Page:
OXFORD, England, May 6, 2014 /PRNewswire/ --
Ed Miliband proposed a set of reforms to the private rental sector yesterday that promises to have wide reaching implications. While changes to the private rental sector are needed, Miliband has failed to understand the negative impact his proposals will have and will inevitably cause rents to increase and agency standards to decline.
Fixed three year tenancies
Labour wants to provide tenants with more certainty by providing longer term tenancies for tenants. While tenants can give notice at any time after the initial six months, a landlord has to be either selling or moving back in to break the tenancy. Finders Keepers believes this would risk more contentious relationships and costs would rise as three year tenancies would need to be deeded.
Labour has provided a clause whereby tenancies could be broken if there was a "breach of tenancy" by the tenant but the current system for evicting anti-social tenants is complicated, incredibly expensive and takes months. Few landlords would be reassured by this supposed protection.
Finders Keepers has consistently based rent increases on the Retail Price Index and the Consumer Price Index. Finders Keepers includes this as part of the contract so that tenants can budget accordingly and that there are no egregious rent increases. However, the issue with forcing all rents to be linked to some sort of index or average is that there is no database of actual rents in the United Kingdom and the Valuation Office Agency's statistics are not a reliable benchmark. Creating a database of actual rents would be costly, time consuming and would be difficult to maintain accurately.
While free market economies around the world have gradually abolished rent caps, the Labour Party is proposing a reintroduction. This runs contrary to the needs of the private rental sector which needs constant improvement and reinvestment in the rental stock. A rent cap would discourage private landlords from reinvestment thus downgrading the quality of housing available to tenants.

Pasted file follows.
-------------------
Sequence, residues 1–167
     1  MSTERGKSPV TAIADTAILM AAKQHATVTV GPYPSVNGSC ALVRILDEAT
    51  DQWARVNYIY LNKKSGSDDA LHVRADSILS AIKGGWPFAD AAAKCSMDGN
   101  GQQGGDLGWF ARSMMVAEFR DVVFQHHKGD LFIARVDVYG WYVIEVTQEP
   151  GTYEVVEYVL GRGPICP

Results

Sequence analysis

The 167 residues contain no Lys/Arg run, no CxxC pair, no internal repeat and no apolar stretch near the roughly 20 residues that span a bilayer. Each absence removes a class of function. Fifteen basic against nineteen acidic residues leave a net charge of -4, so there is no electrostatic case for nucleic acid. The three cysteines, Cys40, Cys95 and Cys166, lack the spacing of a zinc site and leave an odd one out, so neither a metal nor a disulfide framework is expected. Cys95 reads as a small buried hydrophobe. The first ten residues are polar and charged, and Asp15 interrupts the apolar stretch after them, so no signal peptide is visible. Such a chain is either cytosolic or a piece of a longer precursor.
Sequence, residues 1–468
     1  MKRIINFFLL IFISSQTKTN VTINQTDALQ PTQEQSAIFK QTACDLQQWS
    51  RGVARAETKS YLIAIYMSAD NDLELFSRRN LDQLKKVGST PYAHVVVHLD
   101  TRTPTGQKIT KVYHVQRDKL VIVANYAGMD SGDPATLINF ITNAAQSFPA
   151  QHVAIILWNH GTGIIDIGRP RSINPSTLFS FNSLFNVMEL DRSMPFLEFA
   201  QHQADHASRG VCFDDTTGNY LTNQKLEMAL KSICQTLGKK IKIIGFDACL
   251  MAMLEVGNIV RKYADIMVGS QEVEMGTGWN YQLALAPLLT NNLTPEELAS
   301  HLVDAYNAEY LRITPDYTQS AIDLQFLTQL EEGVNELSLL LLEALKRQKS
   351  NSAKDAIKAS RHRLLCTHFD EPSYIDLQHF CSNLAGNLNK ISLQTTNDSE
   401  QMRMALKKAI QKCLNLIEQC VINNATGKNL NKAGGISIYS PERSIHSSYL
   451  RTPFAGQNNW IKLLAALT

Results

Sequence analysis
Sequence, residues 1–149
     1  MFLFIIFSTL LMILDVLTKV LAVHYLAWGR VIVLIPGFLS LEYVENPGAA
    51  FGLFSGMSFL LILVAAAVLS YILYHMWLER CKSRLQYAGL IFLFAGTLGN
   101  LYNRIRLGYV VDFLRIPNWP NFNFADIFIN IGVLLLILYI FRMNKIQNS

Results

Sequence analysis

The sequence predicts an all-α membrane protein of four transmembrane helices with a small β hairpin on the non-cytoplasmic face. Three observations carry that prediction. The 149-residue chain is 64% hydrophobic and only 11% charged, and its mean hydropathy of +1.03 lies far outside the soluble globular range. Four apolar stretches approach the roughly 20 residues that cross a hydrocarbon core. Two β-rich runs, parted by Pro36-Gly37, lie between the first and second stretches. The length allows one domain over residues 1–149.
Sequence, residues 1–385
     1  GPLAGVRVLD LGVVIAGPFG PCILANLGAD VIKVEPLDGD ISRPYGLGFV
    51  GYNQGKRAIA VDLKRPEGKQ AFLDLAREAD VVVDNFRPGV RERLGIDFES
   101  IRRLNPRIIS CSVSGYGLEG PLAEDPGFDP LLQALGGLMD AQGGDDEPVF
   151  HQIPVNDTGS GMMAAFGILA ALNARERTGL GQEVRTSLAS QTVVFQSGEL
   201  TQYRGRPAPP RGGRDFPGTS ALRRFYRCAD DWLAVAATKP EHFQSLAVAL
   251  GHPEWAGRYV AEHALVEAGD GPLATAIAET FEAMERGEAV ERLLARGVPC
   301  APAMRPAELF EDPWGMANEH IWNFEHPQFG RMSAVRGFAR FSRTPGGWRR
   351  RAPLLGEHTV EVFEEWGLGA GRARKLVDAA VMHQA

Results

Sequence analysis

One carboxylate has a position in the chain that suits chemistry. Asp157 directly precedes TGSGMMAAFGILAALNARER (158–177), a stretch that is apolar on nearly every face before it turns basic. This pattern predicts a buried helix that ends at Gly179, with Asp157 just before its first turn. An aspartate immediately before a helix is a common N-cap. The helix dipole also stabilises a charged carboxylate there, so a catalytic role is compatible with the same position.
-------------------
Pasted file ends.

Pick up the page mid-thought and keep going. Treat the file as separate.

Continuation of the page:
Banning letting agent application fees
The industry has faced 40 years of complaints that the services standards in the PRS are too low. Abolishing fees will either mean that services fall even lower or that these costs are covered by the landlord who simply increases the rent to compensate for the increased expenditure.
Recent legislation requires agents to be upfront about any fees that will be charged to tenant applicants. The fees cover agency costs that would be difficult to pass onto landlords directly and cover tenancy agreement wordings, referencing and the registering of tenants' deposits with a government approved deposit scheme. Recent introduced legislation also requires agents to confirm tenants' immigration status.
Dan Channer, managing director of Finders Keepers comments, "As ever, the true problem is not the fees or tenancy duration but the lack of supply for tenants 'forced into' the private rental sector. Labour's proposals will do little to encourage people to invest in property and boost the rental supply. Instead, Labour has failed to address the real problems in the sector while trying to create new ones."
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- Budget, Tax & Economy
- Real Estate
- Ed Miliband